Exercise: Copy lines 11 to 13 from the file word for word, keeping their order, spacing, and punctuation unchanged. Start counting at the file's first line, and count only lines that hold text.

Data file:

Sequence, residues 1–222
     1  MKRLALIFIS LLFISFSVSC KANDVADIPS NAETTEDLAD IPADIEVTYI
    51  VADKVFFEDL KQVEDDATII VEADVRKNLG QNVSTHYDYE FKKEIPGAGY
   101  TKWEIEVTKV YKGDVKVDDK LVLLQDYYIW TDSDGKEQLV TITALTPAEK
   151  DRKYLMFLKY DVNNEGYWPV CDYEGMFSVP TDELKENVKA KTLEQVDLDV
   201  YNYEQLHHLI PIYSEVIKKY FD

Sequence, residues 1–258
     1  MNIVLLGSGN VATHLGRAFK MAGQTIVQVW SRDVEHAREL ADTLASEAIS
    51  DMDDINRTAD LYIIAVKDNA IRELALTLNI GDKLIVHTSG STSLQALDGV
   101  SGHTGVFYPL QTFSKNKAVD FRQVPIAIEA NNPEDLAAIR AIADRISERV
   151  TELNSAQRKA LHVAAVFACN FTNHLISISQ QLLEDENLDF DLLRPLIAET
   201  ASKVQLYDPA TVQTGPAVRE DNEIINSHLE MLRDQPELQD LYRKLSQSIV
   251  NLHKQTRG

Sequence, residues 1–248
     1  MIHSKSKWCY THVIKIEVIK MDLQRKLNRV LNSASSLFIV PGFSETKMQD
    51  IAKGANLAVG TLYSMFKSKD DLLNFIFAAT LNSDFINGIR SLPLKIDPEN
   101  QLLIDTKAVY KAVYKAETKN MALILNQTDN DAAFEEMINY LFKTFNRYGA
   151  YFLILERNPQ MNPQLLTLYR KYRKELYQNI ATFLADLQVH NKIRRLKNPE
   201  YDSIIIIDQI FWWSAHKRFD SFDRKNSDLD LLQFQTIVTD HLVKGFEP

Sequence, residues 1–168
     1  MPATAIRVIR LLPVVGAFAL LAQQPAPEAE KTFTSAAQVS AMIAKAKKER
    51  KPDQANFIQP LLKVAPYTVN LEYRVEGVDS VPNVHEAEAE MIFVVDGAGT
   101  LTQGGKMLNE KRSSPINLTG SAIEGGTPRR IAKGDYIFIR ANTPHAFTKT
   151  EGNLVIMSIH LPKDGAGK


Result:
   151  TELNSAQRKA LHVAAVFACN FTNHLISISQ QLLEDENLDF DLLRPLIAET
   201  ASKVQLYDPA TVQTGPAVRE DNEIINSHLE MLRDQPELQD LYRKLSQSIV
   251  NLHKQTRG